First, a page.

Chilin’ is the coolest pinstriper living in California. We met at a vintage car show in Culver City where he was fearlessly painting participant’s cars and guitars without even breaking a sweat. A couple weeks later I ventured out to Pomona to check out his exhibit at gallery dba256, where he explained to me how he’s able to get perfectly symmetrical and straight lines. Welcome to a whole new world where One-Shot paint and Mack 00 brushes are king and everything else is just a toy!
HISTORY: Pin striping originated in the mid 1940′s from sign-painters that figured out a creative way to cover up scratches on their cars with thin stripes of vibrant paint. People started seeing these pin stripe designs and requesting them for their own vehicles since they looked so rad. It exists as one of the most underrated forms of American art, especially since it requires huge balls to paint a car that costs more than a house while its owner stares down your back ready to kill you if you mess up.
Daniel Rolnik: Do you sketch everything out before you paint?
Chilin’: Here and there. I’ll sketch things out with a pencil just as a pastime. Maybe I’ll pencil in something like a skull, but other than that I just draw a center line and go off from there.
DR: But then how do you make everything so symmetrical?
C: It’s all about eyeballing it. I usually do the left side first and then while I’m doing the right I side I look at the other side to compare.
DR: It’s all free form?
DR: How do you get that sparkly paint in the background of your work?
C: That’s actually metal-flake paint, but that just adds a backdrop to the pin striping.
DR: And you paint that before you do the pin striping?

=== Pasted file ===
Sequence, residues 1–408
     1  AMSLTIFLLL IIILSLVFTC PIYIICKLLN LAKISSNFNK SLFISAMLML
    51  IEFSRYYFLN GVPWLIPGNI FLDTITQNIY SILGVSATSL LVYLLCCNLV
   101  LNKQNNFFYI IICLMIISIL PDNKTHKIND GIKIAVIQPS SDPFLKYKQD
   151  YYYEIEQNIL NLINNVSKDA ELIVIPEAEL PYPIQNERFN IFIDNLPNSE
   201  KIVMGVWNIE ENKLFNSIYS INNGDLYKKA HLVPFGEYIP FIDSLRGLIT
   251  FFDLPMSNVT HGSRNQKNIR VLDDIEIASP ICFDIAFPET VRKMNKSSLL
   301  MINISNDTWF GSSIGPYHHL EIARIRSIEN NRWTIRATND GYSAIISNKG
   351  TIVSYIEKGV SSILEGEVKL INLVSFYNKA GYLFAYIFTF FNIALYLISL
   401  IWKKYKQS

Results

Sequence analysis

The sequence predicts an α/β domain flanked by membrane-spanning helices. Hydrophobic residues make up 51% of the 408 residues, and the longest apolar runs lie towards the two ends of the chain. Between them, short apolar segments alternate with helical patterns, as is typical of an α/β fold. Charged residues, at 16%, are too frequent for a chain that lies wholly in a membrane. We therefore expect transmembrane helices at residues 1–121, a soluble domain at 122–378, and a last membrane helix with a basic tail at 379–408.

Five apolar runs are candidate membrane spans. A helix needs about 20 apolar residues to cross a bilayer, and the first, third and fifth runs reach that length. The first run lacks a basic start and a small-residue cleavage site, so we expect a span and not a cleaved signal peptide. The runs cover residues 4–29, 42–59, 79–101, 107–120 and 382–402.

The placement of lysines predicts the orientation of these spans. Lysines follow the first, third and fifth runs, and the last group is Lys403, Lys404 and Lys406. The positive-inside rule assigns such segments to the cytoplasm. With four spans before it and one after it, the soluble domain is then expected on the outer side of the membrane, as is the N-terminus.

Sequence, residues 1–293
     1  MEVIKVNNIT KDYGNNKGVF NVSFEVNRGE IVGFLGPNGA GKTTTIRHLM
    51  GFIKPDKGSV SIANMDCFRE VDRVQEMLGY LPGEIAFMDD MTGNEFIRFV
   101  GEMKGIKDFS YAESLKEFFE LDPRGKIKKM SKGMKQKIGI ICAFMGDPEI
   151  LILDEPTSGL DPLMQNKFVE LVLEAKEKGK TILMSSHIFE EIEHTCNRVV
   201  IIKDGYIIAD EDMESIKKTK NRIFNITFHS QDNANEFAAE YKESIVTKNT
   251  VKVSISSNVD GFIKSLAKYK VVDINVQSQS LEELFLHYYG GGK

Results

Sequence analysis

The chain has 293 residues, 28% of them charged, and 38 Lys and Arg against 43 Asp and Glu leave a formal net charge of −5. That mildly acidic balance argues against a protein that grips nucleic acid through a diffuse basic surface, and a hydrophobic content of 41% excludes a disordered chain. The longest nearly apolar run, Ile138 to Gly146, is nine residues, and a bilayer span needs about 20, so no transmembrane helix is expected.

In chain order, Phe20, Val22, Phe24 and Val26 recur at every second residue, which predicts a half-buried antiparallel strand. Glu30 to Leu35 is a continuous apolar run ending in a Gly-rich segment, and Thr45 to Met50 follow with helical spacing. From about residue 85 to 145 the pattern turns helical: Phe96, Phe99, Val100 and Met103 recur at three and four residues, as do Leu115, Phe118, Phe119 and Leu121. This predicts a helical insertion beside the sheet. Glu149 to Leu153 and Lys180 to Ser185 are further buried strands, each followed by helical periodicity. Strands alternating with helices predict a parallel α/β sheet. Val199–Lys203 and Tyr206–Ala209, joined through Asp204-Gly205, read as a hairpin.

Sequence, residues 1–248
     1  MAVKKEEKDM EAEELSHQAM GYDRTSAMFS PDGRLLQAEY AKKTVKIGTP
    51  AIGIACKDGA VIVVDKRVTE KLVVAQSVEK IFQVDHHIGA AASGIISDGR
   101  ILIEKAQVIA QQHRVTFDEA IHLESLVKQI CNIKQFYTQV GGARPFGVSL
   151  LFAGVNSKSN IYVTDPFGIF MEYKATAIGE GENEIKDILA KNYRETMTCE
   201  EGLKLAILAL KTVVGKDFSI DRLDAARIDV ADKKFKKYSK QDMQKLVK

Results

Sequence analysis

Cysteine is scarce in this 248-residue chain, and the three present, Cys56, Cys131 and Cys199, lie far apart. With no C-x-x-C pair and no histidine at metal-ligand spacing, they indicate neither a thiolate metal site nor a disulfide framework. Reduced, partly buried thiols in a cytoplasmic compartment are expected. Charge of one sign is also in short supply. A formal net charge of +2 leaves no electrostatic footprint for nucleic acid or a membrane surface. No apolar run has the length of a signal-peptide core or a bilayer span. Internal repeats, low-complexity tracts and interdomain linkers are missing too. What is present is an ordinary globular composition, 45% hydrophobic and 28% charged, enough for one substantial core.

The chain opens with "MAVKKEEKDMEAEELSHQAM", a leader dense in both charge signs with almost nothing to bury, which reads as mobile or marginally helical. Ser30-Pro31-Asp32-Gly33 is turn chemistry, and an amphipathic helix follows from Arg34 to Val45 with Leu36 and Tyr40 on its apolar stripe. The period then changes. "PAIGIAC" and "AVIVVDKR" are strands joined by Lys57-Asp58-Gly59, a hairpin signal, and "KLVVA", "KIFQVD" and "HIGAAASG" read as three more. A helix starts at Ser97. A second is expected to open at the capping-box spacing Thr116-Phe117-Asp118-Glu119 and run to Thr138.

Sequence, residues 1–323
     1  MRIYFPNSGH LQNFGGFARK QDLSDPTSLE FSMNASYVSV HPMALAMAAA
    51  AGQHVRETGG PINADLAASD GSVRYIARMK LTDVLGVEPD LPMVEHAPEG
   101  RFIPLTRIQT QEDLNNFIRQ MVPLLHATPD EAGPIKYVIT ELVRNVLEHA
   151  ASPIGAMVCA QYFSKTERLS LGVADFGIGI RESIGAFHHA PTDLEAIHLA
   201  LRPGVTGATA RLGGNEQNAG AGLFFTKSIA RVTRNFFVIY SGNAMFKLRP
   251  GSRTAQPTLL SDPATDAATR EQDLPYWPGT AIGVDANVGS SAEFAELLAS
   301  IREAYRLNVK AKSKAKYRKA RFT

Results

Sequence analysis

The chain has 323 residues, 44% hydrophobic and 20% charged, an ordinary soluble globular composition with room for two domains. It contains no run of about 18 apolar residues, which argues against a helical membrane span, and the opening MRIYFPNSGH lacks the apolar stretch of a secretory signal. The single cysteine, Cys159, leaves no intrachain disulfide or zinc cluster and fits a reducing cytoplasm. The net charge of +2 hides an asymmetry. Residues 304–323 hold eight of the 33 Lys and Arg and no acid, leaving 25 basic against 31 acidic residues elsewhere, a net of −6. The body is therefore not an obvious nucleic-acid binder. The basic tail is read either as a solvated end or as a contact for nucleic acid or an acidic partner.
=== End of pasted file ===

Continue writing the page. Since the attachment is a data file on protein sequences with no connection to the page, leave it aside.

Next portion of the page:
C: Pin striping is the last thing you ever do. On a car you put it on top of the clear-coat. It’s automotive enamel so when it dries it still shines – you don’t need to coat it.
DR: So that’s a metal surface?
C: It’s aluminum, but you can paint with it on anything. The panels I paint on range from aluminum to plastic.
DR: Are you using special brushes as well?
C: The main one I use is called a “Mack-00”. It’s just for pin striping. I usually cut off the end of the handle because it gives me more control while I’m painting.
DR: You just use that one brush?
C: I change it up. I use Kafkas for my signature and sword brushes for striping. For long lines I learned that it’s easier to use a different kind of brush to make the lines go further and straighter.
DR: What brand of paint do you use?
C: One-Shot, it’s the main one that people use from back in the day. I use mineral spirits to reduce it because every color has a different consistency. Black and white are pretty fine, but the rest of the colors are a little more gooey.
DR: How did you create the water spots in the background of some of your pieces?
C: It’s really easy, it has to be enamel, and you use a spray can. You spray water droplets on the surface and then get enamel paint and glaze it on one side. The enamel is going to absorb the water and the paint. It then creates that cool effect.
DR: Did you start off painting with acrylic?
C: I was painting totally different things with acrylic when I was younger, but I always found myself doing thin lines so I thought I could try pin striping.
DR: What kind of images were you painting before?
C: Zombies and other crazy stuff, but now I’m definitely influenced by the car culture.